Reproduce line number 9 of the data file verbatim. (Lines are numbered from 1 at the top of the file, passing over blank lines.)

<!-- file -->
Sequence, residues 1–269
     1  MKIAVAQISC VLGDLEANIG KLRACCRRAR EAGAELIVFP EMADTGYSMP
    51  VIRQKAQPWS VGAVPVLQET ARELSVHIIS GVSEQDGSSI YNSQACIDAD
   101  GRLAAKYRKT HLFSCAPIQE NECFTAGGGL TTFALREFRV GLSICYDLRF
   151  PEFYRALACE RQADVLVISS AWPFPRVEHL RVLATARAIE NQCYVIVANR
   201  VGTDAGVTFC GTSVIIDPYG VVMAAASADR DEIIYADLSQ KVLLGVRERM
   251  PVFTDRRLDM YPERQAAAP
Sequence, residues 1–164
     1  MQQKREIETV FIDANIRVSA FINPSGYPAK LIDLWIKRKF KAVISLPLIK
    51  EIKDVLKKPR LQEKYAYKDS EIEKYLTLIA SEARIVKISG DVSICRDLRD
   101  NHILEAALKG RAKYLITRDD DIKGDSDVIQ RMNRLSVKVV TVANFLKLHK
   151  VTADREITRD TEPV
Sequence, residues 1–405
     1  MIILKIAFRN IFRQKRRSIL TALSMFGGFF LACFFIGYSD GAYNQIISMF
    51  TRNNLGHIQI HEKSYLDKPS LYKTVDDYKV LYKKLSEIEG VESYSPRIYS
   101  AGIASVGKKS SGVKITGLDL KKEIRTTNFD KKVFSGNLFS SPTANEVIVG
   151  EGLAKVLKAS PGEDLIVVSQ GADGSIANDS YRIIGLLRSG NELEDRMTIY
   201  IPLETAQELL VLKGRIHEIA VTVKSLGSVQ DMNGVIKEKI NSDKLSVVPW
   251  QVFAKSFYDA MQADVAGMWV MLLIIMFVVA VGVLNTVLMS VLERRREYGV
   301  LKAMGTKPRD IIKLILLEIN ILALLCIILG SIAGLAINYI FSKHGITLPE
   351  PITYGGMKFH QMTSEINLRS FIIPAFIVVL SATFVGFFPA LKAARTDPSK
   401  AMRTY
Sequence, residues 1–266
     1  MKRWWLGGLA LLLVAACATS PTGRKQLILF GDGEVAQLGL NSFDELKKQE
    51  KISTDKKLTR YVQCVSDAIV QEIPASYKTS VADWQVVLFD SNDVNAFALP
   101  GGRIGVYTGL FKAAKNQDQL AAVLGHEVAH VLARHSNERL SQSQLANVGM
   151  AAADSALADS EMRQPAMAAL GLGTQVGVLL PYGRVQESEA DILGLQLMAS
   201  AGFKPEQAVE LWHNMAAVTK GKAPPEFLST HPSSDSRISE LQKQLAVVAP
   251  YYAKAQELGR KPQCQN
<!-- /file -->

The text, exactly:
     1  MQQKREIETV FIDANIRVSA FINPSGYPAK LIDLWIKRKF KAVISLPLIK